The reentry of one of the oldest American cutlery firms is marked by some of the most creative knife design features that the market has ever seen.
In 1870, German immigrant Adolph Kastor started his own company in New York City importing German-made cutlery. In 1897, an import tariff made it too expensive to continue the import business, so Kastor began making his own domestically-manufactured edged products. Eventually, his manufacturing efforts led to Charles Sherwood and his little knife manufacturing facility in Camillus, New York. By the early 1900s and with Kastor leading the way, Camillus Cutlery began to enlarge, producing close to a million knives a year.
During World War II, the company worked closely with U.S. Marine Corps officers to develop what came to be known as the KA-BAR fighting utility knife and Camillus was awarded the first government contract to provide the knife for U.S. troops. After the war, Camillus shifted back to civilian production, but eventually the end was near. In 2007, the company filed for bankruptcy, and all of its intellectual properties and machinery were acquired by Acme United Brand. In 2009, Camillus Cutlery was reintroduced to the public, making the company one of the oldest knife manufacturers in the United States.
One of the most significant factors seen during the company’s return was the introduction of their new Carbonitride Titanium fixed-blade and folding knives. This proprietary technology utilizes Physical Vapor Deposition (PVD) to bond a thin (less than 5 micrometers), hard ceramic coating onto the blade surface. This coating becomes part of the blade surface and is a permanent molecular bond that will not peel, flake or chip. This same process is commonly used on machine tools, drills and milling cutters to improve overall cutting ability several times over.
When I attended the recent SHOT Show, three of Camillus’s newest Carbonitride Titanium hunting knives featuring this process, two fixed-blades and one folder, caught my eye. All three knives feature the use of AUS-8 stainless steel (carbon .75 percent, Chromium 14.5 percent, Manganese .5 percent, Molybdenum .3 percent, Nickel .49 percent, Silicon 1.0 percent and Vanadium .26 percent), with each Rockwell hardened to Rc 58-59. This particular Japanese-made alloy composition is extremely well rounded, producing versatile blade steel similar to the American made 440B.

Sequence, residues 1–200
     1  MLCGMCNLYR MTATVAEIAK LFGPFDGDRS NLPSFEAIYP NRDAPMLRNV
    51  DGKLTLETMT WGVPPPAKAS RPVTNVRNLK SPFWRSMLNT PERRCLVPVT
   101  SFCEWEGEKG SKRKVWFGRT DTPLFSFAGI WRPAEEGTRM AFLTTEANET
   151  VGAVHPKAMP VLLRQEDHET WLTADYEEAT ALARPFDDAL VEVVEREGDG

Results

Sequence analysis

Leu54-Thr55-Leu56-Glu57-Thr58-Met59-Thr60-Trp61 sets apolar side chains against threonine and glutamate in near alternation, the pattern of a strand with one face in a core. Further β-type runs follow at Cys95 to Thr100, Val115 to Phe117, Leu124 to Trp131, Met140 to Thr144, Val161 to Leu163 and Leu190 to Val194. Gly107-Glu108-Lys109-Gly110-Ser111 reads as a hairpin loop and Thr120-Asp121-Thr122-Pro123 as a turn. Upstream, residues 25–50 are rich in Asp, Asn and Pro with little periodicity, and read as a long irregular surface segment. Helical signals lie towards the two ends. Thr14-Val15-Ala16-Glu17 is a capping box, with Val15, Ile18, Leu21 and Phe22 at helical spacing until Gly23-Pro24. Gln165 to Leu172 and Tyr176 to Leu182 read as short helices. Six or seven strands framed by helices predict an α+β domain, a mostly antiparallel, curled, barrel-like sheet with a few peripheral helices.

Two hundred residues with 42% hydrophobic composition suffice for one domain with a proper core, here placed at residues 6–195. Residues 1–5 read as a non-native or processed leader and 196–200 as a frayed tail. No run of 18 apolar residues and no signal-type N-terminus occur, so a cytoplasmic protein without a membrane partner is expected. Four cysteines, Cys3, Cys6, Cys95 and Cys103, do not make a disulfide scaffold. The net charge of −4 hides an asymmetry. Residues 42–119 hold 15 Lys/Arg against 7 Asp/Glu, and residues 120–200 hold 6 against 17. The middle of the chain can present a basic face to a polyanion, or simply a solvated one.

The largest knife in this grouping is the HT-8.5 fixed blade that features a drop point blade pattern with 3 1/4” cutting edge and an overall 8 1/2” length. Additional blade features include: a recessed choil to allow a tighter grip position for close work, and back edge scalloping for alternative forefinger positioning. Blade tang is full length with an ergonomic molded handle that offers superior hand-to-knife contact. While this particular knife is multi-purpose, it features a sweeping edge for skinning ease. The knife comes with a rugged fabric sheath that features an internal hard plastic edge protector for safe and secure personal carry. From elk to eland and deer to duiker, this is an extremely functional edged tool.
The FK-7 folding knife features an internal frame locking system to secure the blade in the open position. The clip-pattern blade is 2 3/4” long and has back edge scalloping with short lengths of jimping for alternative forefinger positioning when involved in detailed cutting assignments. There is also a “Quick Launch” internal main pin system that uses a ball bearing to provide for instant blade opening. While most folders use some type of nail nick to facilitate blade opening, all it takes to open this folder is nothing more than a flick of the forefinger. Lastly, handle scales are molded around an open frame with an attachment clip. This is a rugged little folder that can handle field dressing, skinning and trophy work with ease.
Rather than being a knife, the GH-6 is a rather uniquely designed fixed-blade gut hook. Measuring just 6” in overall length, the sharpened hook is wide enough to easily deal with hides and pelage of varying thickness, preventing clogging during the cutting process. The blade also features a recessed choil and on the back of the blade there is a short length of jimping for positive thumb contact. The tang runs the full length of ergonomic molded handle, which provides a secure grip surface under demanding conditions. Using this handy tool is like having a built-in hide zipper. It simply and easily slits open any hide with ease and doesn’t cut into the underlying viscera or muscle tissue. A tough fabric sheath with a rigid plastic insert allows for out-of-the-way belt carry.
Camillus has done themselves proud with the creation of this trio of highly functional cutting tools. Obviously, the designers understand the specific needs of big game hunters. By using a sophisticated stainless alloy, functional blade patterns, an innovative blade coating and user-friendly handle designs, all three of these edged tools provide the where-with-all to deal with any game animal, big or small. It just doesn’t get any better than that!–Durwood Hollis